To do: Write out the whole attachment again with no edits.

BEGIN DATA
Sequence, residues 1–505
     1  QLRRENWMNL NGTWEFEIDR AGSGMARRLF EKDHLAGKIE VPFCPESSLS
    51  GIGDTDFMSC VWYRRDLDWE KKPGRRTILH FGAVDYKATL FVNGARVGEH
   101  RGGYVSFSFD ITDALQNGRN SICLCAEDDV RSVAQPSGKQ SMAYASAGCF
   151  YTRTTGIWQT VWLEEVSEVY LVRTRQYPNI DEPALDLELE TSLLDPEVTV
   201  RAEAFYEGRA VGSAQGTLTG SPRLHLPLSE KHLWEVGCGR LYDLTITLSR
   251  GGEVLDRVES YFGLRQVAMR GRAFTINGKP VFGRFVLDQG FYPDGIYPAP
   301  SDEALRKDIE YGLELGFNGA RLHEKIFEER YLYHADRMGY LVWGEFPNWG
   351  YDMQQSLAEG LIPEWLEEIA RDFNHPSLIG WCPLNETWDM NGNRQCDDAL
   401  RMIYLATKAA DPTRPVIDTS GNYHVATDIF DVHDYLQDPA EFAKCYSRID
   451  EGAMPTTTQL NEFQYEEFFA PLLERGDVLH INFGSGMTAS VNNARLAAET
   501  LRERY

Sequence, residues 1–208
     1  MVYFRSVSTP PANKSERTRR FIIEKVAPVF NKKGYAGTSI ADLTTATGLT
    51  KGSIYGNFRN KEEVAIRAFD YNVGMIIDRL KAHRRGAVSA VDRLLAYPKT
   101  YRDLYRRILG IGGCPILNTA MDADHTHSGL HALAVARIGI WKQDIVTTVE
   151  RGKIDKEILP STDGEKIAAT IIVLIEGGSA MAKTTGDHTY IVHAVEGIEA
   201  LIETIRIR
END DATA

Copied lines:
Sequence, residues 1–505
     1  QLRRENWMNL NGTWEFEIDR AGSGMARRLF EKDHLAGKIE VPFCPESSLS
    51  GIGDTDFMSC VWYRRDLDWE KKPGRRTILH FGAVDYKATL FVNGARVGEH
   101  RGGYVSFSFD ITDALQNGRN SICLCAEDDV RSVAQPSGKQ SMAYASAGCF
   151  YTRTTGIWQT VWLEEVSEVY LVRTRQYPNI DEPALDLELE TSLLDPEVTV
   201  RAEAFYEGRA VGSAQGTLTG SPRLHLPLSE KHLWEVGCGR LYDLTITLSR
   251  GGEVLDRVES YFGLRQVAMR GRAFTINGKP VFGRFVLDQG FYPDGIYPAP
   301  SDEALRKDIE YGLELGFNGA RLHEKIFEER YLYHADRMGY LVWGEFPNWG
   351  YDMQQSLAEG LIPEWLEEIA RDFNHPSLIG WCPLNETWDM NGNRQCDDAL
   401  RMIYLATKAA DPTRPVIDTS GNYHVATDIF DVHDYLQDPA EFAKCYSRID
   451  EGAMPTTTQL NEFQYEEFFA PLLERGDVLH INFGSGMTAS VNNARLAAET
   501  LRERY

Sequence, residues 1–208
     1  MVYFRSVSTP PANKSERTRR FIIEKVAPVF NKKGYAGTSI ADLTTATGLT
    51  KGSIYGNFRN KEEVAIRAFD YNVGMIIDRL KAHRRGAVSA VDRLLAYPKT
   101  YRDLYRRILG IGGCPILNTA MDADHTHSGL HALAVARIGI WKQDIVTTVE
   151  RGKIDKEILP STDGEKIAAT IIVLIEGGSA MAKTTGDHTY IVHAVEGIEA
   201  LIETIRIR